On November 18, 1993, a three-man band played one of the best recorded-live acoustic sets in a generation. The recording wouldn’t be released as an album for almost a year, and just months after the death of the band’s lead singer.
Nirvana’s “MTV Unplugged” album is one of the best live albums ever made. The acoustic format is what makes the album so enjoyable and interesting to listen to. The band, comprising of Kurt Cobain, Krist Novoselic, and Dave Grohl was not known for—nor used to—playing acoustically, which automatically sets it apart stylistically from any other Nirvana album. The music and Cobain’s voice are laid out, showing off the skilled musicians beneath the grunge personas.
One of the best choices the band made was in the music set. Deviating from the usual “MTV Unplugged” series, the band (read as Kurt) decided to play mostly acoustic covers and deeper cuts from their albums, to the dismay of MTV at the time. This decision allowed for a stark contrast against Nirvana’s well-known punk rock electric music.
Keeping this separation by only playing a handful of original songs that lent themselves to an acoustic version (“About a Girl,” “Come As You Are,” “On A Plain,” “All Apologies,” “Polly,” “Something In The Way”) comprised a perfect balance that few could compare and complain about. But these are by no means the best songs on the album.
The covers, ranging from David Bowie’s “Man Who Stole the World” to the moving finale of blues singer Lead Belly’s “Where Did You Sleep Last Night,” with Cobain’s wrenching vocals, truly make the album great.
Beyond the actual album, however, is the story behind the music. By all accounts, as well as clips from the rehearsals before recording, things were not going well. At one point during the rehearsal recordings, Cobain asks if his vocals are in key, and if you listen to the songs prior to the question you know why—he wasn’t hitting it.
As the band’s drummer, Dave Grohl stated in 2015, “That show was supposed to be a disaster,” he told American Way. “We hadn’t rehearsed. We weren’t used to playing acoustic. We did a few rehearsals and they were terrible. Everyone thought it was horrible. Even the people from MTV thought it was horrible. Then we sat down and the cameras started rolling and something clicked. It became one of the band’s most memorable performances.”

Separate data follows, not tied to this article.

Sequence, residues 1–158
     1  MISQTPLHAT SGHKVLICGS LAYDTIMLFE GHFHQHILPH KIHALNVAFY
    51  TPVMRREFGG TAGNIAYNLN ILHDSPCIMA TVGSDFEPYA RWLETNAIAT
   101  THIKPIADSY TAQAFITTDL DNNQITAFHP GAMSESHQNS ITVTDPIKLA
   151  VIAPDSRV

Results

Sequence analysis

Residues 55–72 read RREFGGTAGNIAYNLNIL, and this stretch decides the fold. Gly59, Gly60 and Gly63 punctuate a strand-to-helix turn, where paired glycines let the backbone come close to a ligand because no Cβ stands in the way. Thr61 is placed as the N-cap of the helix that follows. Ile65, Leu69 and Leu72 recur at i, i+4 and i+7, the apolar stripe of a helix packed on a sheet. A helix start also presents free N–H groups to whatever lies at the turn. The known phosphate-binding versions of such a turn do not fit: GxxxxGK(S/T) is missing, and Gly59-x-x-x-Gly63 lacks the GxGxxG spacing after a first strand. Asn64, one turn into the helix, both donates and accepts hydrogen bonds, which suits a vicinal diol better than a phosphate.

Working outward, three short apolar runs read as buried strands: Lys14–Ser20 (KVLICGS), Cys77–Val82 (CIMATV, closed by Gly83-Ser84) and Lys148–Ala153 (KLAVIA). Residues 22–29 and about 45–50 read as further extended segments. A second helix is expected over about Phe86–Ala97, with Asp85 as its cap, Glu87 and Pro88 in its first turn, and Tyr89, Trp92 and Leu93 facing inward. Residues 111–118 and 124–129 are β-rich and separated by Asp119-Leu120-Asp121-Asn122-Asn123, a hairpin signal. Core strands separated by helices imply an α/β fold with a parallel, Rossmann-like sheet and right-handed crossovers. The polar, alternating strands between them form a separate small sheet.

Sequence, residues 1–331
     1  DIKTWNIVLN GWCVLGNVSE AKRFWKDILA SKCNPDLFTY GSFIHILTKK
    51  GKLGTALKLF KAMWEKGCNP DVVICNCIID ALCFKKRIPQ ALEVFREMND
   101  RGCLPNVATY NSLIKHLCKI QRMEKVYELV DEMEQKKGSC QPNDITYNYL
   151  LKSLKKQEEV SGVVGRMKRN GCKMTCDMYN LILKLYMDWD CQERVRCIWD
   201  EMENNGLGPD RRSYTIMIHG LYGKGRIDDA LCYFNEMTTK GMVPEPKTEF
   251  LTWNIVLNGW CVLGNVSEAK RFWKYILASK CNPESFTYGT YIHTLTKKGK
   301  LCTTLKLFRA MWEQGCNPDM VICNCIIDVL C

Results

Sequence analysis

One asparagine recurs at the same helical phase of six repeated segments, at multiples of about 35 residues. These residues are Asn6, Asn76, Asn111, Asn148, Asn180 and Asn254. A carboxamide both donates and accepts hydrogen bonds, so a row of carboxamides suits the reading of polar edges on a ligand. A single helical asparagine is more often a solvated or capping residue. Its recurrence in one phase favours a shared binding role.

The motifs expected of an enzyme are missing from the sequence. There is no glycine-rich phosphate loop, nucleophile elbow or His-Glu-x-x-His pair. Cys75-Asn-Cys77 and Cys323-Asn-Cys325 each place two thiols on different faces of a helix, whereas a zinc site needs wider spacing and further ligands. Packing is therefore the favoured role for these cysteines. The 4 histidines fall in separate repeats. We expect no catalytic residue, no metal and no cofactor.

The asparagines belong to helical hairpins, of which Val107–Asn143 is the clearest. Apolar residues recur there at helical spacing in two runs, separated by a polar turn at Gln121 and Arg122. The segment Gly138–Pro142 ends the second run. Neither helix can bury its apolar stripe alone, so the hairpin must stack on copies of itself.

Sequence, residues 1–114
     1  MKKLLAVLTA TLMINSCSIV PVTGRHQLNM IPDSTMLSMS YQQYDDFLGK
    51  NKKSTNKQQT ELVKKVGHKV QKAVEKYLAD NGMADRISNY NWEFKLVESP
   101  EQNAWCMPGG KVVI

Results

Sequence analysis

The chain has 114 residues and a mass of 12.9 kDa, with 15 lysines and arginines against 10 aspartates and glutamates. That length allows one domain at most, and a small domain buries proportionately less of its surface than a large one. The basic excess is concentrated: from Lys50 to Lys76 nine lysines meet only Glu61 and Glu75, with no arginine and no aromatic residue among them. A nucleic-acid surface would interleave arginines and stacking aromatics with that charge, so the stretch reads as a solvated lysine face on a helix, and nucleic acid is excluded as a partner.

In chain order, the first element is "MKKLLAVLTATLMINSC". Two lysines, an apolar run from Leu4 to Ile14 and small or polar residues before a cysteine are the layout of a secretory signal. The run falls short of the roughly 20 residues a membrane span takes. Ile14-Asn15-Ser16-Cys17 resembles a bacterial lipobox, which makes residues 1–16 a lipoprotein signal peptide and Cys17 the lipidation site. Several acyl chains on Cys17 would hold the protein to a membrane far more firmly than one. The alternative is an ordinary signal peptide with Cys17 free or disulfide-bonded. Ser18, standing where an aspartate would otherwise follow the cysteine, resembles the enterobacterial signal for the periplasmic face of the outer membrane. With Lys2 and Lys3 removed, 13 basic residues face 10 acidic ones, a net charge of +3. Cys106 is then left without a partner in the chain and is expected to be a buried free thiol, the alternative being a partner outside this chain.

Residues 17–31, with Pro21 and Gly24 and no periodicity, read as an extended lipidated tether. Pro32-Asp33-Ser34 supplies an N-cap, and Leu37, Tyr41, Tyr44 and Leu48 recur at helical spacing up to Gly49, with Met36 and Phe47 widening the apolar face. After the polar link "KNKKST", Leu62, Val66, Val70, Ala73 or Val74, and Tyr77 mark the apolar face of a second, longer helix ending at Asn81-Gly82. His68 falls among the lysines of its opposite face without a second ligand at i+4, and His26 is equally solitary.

Little did Grohl know at the time Cobain saw him as a key part of why the acoustic sets weren’t going well and was close to being told he wouldn’t be playing for the final recording,
‘Kurt wasn’t happy with the way rehearsals were going; he didn’t like the way Dave sounded playing drums with sticks … He’s a heavy hitter, and the thing about ‘Unplugged,’ especially with rock bands, is if the drummer doesn’t really, really get it under control and tries to play a rock show on a smaller kit, then it brings the show to a bad-sounding electric show instead of a good-sounding acoustic show.’
Coletti handled the situation by sending a production assistant to Sam Ash to buy Grohl some new gear, including wire brushes and sizzle sticks. As a strong suggestions disguised as an early Christmas present, Grohl accepted the gear and went on to perform with his new gifts during ‘Unplugged.’
These gifts ended up making the album the masterpiece that it is. Not to get too into the “what if” game, but if the drummer had been anyone other than Dave Grohl, who is unarguably more popular now as the front-man for the Foo Fighters than he ever was in Nirvana, the album would not hold its true Nirvana value. The album would’ve been added to the annals of music that audiophiles slough to the side as “Great album, but…”
Kurt ultimately found the key and sang an incredible set, and Dave gave an amazing performance on drums, leaving us with a timeless album that could’ve been recorded yesterday, let alone 23 years ago.
Along with timeless, the album transcends generational and genre bias. People who don’t necessarily enjoy Nirvana’s music enjoy the “Unplugged” album. A perfect example is with my parents: they allowed no Nirvana music in their houses when I was growing up. Hence I came to love their music in my early 20s, a good ten years after Cobain’s death. However, my parents have both unknowingly enjoyed the “Unplugged” album while spending time at my house in recent years.
Released by MTV in 1994, Nirvana’s “Unplugged” was the last “new” album the band ever released, various compilations notwithstanding, and its timing in conjunction with Cobain’s death has cemented its place in pop culture history. How close one of the best albums ever came to being at best mediocre and at worst a disaster, we now know.
Watch the entire “MTV Unplugged” performance here: